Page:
A bigger family and a better life
Three years ago, Bobby and Brenda Steiger saw a long, difficult journey finally pay off. The family of three suddenly became a family of five when they welcomed Ty Xavier and Zoah Alexandra into their home in rural Centre Hall, Pennsylania.
The journey began with Bobby and Brenda taking in two foster kids. They wanted a larger family but decided that they didn't want to go back to the 'diaper stage'. They were given a three year old girl and were asked if they would be willing to take in her six month old brother. They didn't want to turn him away and separate the children, so they agreed. They parented these children for 10 months until they were returned to a family member.
Despite the disappointment of not being able to keep the children, Bobby, Brenda and their son Dillon made the decision that they still wanted a bigger family. After speaking with an adoption agency, they decided to try to adopt internationally because of the astounding number of children in orphanages over seas who needed homes.
The Steigers left Pennsylvania for New York and eventually Russia. It was an environment that was out of their comfort zone and one that they had to get used to.
"When we got there to the orphanage, it was just the most humbling experience ever," Brenda said. "It just made you think of our own land and what we have and what we could provide."
The documentation that had to be completed seemed endless. They had to speak with attorneys, doctors, accountants and the Pennsylvania Apostille in Harrisburg. Bobby and Brenda needed to get physicals a total of five times during the process. There were even inspections to assess whether or not the Steigers had a home and a lifestyle fit for adopting children.
"It was very humbling, and it was tiring," Brenda said. "The one thing that gave us grace to get through it was speaking with parents and families that had been through it already."
The whole process ended up taking well into a year. In November 2010, the children finally came to the United States with the Steigers.
The technical aspect of the adoption was completed but then came the task of adjusting the children to life in a completely different environment. There were obvious communication issues in which the family brought in speech therapists to move the process along. The biggest challenge was showing the children that what they have is actually theirs. They were used to sharing their belongings with an entire orphanage and didn't initially understand the different lifestyle.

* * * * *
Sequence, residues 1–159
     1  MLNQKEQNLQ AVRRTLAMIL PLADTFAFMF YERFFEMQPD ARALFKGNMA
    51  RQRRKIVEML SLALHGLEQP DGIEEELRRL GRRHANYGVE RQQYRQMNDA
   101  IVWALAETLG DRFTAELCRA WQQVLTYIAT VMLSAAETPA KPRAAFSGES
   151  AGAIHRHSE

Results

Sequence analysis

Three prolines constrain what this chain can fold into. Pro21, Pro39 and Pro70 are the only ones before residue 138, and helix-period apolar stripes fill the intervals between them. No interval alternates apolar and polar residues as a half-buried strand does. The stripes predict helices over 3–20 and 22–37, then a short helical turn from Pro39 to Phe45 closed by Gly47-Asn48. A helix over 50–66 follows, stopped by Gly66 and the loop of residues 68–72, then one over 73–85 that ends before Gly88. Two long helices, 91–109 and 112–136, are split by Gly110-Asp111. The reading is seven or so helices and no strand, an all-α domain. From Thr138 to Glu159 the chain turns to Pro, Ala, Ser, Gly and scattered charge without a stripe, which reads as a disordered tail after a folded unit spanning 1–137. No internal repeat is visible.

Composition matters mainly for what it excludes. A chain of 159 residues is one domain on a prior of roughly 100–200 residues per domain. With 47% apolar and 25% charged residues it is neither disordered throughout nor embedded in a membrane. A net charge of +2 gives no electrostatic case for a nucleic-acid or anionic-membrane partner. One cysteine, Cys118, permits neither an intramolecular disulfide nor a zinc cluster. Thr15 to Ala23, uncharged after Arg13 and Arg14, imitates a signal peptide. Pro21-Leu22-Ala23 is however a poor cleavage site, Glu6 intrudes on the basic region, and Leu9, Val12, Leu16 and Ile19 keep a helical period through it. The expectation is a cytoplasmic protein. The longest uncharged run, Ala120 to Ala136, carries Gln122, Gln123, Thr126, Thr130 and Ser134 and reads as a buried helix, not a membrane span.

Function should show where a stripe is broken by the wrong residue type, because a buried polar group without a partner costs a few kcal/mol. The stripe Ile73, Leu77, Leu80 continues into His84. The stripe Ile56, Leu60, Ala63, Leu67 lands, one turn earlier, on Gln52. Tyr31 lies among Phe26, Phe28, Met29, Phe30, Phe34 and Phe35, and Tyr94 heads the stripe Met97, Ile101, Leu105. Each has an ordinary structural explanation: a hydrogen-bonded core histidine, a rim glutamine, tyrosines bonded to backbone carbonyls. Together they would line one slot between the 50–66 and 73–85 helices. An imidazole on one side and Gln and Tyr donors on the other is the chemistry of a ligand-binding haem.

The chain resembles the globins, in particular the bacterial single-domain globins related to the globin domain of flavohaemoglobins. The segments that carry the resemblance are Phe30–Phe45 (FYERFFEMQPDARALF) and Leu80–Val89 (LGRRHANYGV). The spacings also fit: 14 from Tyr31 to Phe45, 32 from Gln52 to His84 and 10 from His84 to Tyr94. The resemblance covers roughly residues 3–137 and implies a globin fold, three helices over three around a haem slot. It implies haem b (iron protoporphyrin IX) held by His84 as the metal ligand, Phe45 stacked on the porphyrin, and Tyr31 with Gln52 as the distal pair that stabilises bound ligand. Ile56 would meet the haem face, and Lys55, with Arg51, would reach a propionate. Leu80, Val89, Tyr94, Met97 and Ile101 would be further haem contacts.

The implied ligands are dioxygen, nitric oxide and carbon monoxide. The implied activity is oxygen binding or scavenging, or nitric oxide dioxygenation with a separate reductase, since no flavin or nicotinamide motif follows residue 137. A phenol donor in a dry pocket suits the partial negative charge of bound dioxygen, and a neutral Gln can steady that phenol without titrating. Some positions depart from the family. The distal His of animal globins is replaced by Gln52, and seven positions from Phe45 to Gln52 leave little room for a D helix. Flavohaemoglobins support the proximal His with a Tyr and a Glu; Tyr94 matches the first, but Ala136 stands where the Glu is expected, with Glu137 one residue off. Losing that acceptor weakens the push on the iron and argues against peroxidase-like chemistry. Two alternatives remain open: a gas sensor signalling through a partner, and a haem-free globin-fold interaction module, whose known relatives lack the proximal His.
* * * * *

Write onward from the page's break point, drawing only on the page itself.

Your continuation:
After three months of intense speech therapy, the children were able to speak English and now three years later, much of the normalcy that the family had before they began the process has returned to their lives.
Ty and Zoah were fortunate to be adopted by a family who can give them a better future. Many other orphans in Russia will not have the same opportunities. In January, a ban took effect which restricts international adoption with the United States. It's unclear how long this ban will stand but the Steigers are very thankful that they were able to bring the children into their family before it was too late.
Photos: The Long Journey
The Steigers had no idea what was waiting ahead when they decided to adopt two young children from a foreign land, but despite the many roadblocks, they couldn't have hoped for a better result. This slideshow features pictures made by the Steigers:
There's no doubt that the children have a long way to go before they can move on from the difficulties they faced in their first few years in Russia, but the Steigers have without a doubt given them so much more than they could have ever hoped for.